Books featuring a sibling with a mental illness

Book Review: Not My Father

Author: Julie Kay
Genre: Memoir
Publisher: Vivid (division of Fontaine) 2019

A drawing of two people viewed from behind. Left: A man in military uniform. Right: A woman wearing a kimono and holding an umbrella over her shoulder.
Image source
ID: A drawing of two people viewed from behind. Left: A man in military uniform. Right: A woman wearing a kimono and holding an umbrella over her shoulder.

While packing up the family home, Danny’s daughter, Jules, finds a black box hidden at the back of his wardrobe. Danny suffers from post-traumatic stress syndrome and has been in and out of psychiatric hospitals for years. The unexpected contents of his box take Jules and her sister on a journey to find out what really happened to their father in occupied Japan after the war. What they discover is a love story about ordinary people–a man and a woman, a child and a father–who lived extraordinary lives.

I saw this on the shelf at an independent book shop and picked it up at the mention of a father who lived with post traumatic stress syndrome. Although it’s not a memoir I’d reread, I’m so glad it exists.

In some ways, this reminded me of Ruth Clare’s memoir, Enemy. Both fathers were haunted by their experiences of war and both exhibited violent behaviour as a result. The difference between not My Father and Enemy (as well as many other COPMI (child of a parent with a mental illness) books) is that Danny’s symptoms only properly emerged once Julie was an adult and had children of her own. Kay highlighted the difficulties faced by many carers of loved ones with mental health challenges, such as the awareness of stigma. Kay felt guilty because she “wished so many times that dad had a heart condition” as “people shied away from mental illness.” As many readers would understand, medical and physical conditions are unfortunately often a lot easier to discuss.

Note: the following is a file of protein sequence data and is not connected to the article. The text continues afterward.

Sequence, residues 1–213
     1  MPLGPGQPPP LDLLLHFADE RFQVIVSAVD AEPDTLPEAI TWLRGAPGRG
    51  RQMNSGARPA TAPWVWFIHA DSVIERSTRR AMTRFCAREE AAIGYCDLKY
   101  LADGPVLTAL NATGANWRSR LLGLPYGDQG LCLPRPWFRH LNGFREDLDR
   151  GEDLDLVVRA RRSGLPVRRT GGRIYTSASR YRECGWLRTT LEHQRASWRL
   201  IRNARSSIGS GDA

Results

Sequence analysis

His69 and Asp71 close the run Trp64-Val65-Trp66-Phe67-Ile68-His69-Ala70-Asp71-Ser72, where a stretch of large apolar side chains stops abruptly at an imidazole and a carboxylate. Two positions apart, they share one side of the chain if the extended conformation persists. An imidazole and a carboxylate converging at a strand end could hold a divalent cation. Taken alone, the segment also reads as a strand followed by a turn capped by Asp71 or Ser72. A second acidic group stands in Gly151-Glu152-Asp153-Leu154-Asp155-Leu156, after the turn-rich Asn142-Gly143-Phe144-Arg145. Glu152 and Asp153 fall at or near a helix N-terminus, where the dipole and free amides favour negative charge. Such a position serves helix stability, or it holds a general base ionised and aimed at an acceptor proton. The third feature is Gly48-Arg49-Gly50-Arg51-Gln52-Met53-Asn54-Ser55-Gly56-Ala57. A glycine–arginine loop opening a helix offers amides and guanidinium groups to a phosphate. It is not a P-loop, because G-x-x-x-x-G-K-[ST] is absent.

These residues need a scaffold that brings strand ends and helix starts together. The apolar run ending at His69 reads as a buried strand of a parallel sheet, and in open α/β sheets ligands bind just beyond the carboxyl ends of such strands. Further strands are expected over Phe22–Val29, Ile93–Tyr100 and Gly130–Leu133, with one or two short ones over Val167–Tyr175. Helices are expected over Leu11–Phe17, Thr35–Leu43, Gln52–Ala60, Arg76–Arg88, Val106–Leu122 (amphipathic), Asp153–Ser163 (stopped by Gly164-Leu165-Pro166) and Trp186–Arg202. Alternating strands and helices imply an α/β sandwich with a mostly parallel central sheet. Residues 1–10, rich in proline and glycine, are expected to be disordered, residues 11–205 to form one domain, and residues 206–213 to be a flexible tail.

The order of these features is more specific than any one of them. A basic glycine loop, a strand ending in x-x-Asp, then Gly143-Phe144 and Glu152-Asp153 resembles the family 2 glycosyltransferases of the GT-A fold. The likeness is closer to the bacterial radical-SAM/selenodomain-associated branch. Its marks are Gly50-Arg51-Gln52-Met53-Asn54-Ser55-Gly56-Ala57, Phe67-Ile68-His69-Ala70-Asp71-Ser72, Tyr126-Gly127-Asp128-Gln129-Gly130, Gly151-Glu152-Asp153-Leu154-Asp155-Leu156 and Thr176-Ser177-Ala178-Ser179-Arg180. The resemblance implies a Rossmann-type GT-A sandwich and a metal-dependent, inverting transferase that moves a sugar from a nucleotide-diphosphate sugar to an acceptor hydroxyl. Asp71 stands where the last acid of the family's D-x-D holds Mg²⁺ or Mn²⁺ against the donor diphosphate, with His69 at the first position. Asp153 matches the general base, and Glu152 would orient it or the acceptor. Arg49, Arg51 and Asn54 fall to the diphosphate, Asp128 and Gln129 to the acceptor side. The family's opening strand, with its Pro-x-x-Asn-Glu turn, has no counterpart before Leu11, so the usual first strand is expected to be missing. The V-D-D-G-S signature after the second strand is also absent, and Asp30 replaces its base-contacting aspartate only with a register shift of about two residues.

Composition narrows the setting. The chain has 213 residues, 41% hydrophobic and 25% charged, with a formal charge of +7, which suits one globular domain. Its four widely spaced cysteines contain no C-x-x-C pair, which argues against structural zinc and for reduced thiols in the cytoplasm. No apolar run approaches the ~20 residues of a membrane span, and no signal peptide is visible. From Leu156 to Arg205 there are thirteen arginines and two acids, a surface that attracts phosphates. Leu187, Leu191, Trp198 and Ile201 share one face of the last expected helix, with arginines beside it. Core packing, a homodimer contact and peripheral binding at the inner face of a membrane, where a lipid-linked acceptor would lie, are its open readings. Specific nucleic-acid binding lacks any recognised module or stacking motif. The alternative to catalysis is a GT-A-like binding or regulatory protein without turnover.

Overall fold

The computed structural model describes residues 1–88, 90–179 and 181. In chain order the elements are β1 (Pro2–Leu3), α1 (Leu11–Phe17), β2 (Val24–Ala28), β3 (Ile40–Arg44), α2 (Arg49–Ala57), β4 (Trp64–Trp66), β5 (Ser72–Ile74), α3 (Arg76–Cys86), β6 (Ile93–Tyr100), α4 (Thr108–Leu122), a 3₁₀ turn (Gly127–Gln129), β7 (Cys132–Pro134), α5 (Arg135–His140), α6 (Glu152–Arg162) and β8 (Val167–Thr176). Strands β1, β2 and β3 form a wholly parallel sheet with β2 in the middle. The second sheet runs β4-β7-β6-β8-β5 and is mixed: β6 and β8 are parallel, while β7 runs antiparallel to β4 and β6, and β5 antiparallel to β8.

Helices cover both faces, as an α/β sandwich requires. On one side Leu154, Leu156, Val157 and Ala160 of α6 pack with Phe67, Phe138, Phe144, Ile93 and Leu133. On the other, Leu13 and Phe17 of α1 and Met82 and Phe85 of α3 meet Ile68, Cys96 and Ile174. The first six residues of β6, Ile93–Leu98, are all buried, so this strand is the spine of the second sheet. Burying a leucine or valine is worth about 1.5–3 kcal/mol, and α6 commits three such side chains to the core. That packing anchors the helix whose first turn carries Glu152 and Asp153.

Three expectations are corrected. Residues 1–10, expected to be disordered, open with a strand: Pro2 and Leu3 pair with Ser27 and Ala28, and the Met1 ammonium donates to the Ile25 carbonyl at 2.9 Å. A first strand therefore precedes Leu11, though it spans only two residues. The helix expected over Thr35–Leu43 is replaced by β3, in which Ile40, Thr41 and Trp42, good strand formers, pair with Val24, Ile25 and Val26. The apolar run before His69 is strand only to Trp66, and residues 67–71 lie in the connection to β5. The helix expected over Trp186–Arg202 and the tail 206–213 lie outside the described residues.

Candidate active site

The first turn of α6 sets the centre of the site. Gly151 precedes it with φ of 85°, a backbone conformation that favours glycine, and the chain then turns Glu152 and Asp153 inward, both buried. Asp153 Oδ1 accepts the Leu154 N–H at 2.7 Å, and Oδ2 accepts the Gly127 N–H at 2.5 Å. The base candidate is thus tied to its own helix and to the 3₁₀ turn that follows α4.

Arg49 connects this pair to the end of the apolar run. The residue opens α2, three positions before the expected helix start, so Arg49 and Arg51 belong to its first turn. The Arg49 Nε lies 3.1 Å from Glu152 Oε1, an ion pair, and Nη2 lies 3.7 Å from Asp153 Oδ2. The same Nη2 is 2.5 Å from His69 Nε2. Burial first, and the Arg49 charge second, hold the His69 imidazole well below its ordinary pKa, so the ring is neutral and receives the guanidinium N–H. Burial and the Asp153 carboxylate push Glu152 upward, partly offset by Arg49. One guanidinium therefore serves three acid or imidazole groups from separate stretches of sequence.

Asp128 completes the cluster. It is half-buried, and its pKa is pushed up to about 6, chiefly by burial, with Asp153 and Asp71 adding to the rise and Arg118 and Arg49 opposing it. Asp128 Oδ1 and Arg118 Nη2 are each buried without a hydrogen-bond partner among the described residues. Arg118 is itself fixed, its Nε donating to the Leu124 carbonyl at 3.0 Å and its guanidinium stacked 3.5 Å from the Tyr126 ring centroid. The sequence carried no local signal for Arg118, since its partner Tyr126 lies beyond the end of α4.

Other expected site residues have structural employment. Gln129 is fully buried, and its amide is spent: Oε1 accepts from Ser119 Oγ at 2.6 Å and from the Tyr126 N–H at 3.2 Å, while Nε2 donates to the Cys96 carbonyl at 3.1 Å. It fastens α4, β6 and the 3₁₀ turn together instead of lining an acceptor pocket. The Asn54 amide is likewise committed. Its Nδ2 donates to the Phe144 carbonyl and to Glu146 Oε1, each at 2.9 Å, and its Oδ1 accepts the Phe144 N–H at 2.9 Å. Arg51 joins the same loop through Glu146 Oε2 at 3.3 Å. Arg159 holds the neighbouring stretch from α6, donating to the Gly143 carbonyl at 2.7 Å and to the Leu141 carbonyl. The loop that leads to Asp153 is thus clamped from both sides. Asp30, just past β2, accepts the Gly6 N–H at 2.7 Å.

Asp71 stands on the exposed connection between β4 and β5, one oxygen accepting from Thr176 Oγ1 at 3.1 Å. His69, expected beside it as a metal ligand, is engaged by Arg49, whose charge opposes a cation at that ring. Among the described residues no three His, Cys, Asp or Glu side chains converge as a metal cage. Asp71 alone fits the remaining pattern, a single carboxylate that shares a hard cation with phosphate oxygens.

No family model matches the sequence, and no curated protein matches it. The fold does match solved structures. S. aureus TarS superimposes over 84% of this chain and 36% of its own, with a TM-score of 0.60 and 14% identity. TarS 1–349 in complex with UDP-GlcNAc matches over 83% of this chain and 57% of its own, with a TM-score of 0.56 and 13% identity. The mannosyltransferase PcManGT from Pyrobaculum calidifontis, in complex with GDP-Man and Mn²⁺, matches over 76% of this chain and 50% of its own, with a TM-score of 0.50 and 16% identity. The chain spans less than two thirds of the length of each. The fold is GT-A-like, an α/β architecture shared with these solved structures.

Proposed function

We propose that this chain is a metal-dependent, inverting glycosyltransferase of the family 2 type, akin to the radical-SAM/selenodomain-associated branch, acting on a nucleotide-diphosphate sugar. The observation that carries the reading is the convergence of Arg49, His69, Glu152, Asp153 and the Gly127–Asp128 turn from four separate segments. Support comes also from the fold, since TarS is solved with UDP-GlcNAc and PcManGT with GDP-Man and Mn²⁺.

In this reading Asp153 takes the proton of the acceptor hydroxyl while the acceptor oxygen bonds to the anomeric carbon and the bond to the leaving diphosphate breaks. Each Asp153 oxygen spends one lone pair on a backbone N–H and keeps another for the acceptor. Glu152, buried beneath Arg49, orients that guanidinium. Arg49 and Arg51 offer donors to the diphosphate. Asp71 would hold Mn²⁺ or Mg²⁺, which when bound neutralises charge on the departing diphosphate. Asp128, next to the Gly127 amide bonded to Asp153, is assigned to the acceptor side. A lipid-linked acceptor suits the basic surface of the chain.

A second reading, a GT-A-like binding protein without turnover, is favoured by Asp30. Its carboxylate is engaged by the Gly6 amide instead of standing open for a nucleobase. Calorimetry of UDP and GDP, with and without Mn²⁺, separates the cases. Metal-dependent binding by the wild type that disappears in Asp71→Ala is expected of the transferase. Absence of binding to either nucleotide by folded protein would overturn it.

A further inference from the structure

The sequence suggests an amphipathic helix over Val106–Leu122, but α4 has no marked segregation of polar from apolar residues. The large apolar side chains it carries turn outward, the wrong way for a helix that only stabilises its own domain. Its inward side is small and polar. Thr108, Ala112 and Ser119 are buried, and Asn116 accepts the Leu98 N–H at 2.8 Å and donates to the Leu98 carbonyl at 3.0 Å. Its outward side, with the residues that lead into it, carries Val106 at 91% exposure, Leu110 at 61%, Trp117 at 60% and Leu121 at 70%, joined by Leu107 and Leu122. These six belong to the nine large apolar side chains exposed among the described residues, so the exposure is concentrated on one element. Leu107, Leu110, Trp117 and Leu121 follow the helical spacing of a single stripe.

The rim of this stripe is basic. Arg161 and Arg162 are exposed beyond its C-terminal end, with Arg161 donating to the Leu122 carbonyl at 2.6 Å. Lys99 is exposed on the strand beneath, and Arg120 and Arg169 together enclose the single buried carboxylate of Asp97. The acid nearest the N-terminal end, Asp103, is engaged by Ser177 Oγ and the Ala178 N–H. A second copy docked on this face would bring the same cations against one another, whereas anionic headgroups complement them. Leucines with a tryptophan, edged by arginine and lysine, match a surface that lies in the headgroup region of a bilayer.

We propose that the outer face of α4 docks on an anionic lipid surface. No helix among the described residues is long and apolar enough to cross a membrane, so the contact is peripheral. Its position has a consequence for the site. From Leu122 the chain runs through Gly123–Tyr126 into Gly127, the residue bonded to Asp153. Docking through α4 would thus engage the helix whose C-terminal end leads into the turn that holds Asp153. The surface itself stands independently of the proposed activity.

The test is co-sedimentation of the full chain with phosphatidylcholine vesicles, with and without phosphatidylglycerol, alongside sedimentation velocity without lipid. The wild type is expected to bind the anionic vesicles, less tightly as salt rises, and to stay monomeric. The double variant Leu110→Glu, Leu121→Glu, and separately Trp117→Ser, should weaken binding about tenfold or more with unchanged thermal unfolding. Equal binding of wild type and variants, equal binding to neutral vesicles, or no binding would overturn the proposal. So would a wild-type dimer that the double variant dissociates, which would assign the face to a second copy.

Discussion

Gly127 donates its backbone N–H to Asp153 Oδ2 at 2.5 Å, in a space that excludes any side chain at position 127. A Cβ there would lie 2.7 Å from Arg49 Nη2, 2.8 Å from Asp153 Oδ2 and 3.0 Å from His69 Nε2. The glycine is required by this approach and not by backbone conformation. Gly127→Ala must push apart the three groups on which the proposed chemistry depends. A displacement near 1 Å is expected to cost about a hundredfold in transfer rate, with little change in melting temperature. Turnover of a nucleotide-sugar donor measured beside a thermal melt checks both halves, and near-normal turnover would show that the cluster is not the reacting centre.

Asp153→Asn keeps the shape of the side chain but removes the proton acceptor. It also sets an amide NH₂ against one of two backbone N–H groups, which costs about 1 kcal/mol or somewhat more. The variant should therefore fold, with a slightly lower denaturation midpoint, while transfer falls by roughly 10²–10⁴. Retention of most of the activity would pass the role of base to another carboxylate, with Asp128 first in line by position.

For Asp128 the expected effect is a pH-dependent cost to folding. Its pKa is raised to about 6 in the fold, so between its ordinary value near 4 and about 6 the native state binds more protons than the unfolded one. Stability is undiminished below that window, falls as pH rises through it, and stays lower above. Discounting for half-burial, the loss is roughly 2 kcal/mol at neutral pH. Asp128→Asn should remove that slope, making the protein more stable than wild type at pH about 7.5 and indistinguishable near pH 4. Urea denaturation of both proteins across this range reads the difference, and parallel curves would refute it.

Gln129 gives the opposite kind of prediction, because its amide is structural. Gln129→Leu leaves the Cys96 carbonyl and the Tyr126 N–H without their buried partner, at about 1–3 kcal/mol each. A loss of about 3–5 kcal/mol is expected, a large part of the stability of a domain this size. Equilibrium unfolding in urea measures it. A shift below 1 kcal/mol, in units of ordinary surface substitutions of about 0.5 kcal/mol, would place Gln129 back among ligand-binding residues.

There were a couple of elements of the memoir I didn’t enjoy. For instance, the dialogue was quite clunky at times, and there were repeated spelling and grammatical errors. There was also a hint of judgement in the descriptions of other patients in the psychiatric hospitals in which her father stayed. However, while the prose didn’t carry me away, I recognize, and the author acknowledged, that the point of this memoir was to tell her father’s story, and Julie Kay certainly did that.

Not My Father was a personal story that explored some universal themes.

You can buy a copy of Not My Father from Readings online booksellers.

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